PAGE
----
More than two-thirds of beer and wine served in UK pubs and bars are being short-measured, a survey has revealed, costing punters more than £100 a year.

There's nothing better than sitting back in your favourite bar or pub and enjoying a pint or a glass of wine with friends and family. 

But I'm sure we can agree it can be extremely frustrating when you get a pint from the barman that has far too much head, or a glass of wine that isn't measured correctly, costing you that little bit of extra liquidy goodness.

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Around 70% of beer and wine in UK pubs short measured costing punters more than £100 a year

Chartered Trading Standards Institute (CTSI), as part of a recent survey, visited 77 pubs and bars across the UK.

From 137 orders they were served 96 short measures, meaning around 70% were less than the prescribed quantity required by The Weights and Measures Order for pints and half pints and 175ml glasses of wine.

Of the short measures, 41 were under by 5% or more (29% of the 137 orders).

Of the beer ordered around 86% was short-measured, while 43% of wine didn't meet the prescribed quantity required.

For the average beer drinker, these short measures equate to a loss of £1.70 per week, or £88.40 a year.

While for wine drinkers in the UK, on average, this jumps up to £2.20 per week or £114.40 per year, the CTSI said.

The findings come at a time when the price of alcoholic drinks is at an all-time high.

The average price of a bottle of red wine has increased by 8% in the last year, while the average cost of a pint of lager is up 5.6%, according to the Office for National Statistics.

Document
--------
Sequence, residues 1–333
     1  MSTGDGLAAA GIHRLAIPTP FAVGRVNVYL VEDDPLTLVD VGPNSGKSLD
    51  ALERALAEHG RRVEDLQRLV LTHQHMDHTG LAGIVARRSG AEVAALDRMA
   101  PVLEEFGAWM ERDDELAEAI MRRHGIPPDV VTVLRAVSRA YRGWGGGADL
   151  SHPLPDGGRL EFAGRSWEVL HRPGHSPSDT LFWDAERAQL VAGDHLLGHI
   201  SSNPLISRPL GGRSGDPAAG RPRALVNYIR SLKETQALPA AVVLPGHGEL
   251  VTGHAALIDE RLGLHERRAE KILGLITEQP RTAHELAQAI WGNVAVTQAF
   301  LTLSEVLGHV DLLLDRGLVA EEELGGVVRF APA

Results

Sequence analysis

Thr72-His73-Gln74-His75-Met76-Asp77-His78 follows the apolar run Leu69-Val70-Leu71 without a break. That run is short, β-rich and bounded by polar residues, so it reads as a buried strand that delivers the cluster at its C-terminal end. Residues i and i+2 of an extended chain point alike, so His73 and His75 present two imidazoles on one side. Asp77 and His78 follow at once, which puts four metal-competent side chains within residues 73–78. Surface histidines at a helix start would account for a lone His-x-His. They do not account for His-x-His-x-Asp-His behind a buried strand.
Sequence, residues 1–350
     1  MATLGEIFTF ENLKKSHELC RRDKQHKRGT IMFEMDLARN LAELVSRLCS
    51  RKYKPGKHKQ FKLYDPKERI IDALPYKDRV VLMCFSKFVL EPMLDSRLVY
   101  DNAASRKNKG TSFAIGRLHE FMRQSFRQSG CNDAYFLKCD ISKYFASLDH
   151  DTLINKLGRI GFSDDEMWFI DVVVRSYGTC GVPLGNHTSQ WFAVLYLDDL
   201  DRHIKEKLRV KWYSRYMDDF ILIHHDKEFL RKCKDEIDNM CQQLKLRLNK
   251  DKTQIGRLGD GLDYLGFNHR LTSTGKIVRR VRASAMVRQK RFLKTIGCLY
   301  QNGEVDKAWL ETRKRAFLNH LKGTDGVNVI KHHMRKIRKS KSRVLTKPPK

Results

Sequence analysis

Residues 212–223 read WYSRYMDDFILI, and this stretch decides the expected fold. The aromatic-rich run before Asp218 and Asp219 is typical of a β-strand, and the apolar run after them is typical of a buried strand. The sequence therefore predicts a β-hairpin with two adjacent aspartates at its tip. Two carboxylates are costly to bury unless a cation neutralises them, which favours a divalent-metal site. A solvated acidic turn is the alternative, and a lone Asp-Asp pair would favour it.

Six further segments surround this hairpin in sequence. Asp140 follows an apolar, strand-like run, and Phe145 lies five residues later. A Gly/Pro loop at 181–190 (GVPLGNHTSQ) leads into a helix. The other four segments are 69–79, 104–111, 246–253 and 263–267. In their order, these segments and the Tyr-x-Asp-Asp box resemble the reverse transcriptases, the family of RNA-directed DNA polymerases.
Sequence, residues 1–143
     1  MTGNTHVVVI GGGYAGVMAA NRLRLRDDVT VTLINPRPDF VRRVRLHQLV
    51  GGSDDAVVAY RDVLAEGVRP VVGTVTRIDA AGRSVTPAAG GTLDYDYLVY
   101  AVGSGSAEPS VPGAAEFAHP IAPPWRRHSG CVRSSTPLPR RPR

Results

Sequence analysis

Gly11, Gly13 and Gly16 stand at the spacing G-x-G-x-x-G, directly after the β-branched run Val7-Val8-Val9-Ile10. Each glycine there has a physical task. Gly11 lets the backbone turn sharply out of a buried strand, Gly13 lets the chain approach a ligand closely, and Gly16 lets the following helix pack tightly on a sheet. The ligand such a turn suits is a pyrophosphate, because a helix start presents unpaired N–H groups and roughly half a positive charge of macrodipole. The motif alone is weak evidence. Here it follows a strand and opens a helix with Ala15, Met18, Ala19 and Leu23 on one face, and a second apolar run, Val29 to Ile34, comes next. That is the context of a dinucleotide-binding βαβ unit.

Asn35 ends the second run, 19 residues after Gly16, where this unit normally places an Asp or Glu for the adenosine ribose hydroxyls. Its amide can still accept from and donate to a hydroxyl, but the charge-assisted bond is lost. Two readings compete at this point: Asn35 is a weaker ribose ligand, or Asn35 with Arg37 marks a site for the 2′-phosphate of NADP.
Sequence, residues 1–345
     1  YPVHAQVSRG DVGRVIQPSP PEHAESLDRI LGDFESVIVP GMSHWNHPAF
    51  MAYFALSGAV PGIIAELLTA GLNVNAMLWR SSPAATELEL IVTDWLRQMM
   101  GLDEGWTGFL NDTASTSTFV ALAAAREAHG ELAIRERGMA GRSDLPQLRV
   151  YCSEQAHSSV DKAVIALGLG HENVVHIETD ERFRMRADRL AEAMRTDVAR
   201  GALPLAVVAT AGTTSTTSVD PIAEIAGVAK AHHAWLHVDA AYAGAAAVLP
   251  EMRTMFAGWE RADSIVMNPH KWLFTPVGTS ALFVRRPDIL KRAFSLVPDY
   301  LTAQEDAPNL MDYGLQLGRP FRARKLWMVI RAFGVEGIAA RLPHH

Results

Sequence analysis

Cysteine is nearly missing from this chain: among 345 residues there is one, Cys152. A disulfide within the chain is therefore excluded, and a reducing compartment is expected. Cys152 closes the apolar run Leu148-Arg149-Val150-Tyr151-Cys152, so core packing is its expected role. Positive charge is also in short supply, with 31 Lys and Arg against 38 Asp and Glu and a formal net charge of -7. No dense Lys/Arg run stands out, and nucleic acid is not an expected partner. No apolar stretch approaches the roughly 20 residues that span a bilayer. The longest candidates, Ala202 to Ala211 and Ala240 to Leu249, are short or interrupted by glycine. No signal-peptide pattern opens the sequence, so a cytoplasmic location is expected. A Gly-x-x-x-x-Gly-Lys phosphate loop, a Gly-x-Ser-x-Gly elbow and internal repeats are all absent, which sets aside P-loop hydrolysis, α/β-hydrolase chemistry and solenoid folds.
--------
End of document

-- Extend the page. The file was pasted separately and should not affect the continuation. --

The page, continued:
The Campaign for Real Ale (CAMRA) national chairman Nik Antona said: “Consumers shouldn’t have to feel short-changed when they support their favourite pubs, social clubs, and taprooms.

"The idea that 70% of all beer bought at the bar is being short-measured in the UK is extremely concerning.

“For anything that is short measured, and particularly anything more than 5% short, you should ask the bar staff for an immediate top-up.

"You are well within your rights to do this, and the staff should comply and fulfil this request."


Calls for pint measurement to not include the head

Legally, the frothy head on a pint of beer is included in the measure.

The CTSI’s survey found that 35% of the public felt the head should not be included in the pint measure and 23% thought it should.

CAMRA agrees that the head should not be included in the pint measure and consumers are entitled to a 100% liquid pint.

Chief executive of the British Beer and Pub Association, Emma McClarkin, said: “Pubs across the country take great pride in serving the amazing range of beer brewed in this country and in no way want to be accused of short-serving the millions of customers who enjoy visiting our nation’s pubs each week.

“Beer is carbonated and is typically sold with a foamy head, although there is a considerable difference between consumer preferences for the head that different beers naturally produce.

“This is reflected in industry guidance which says that the measure of beer served with a head must include a minimum of 95% liquid. Customers who would like less of a head should always feel free to ask for a top-up and should never be refused.”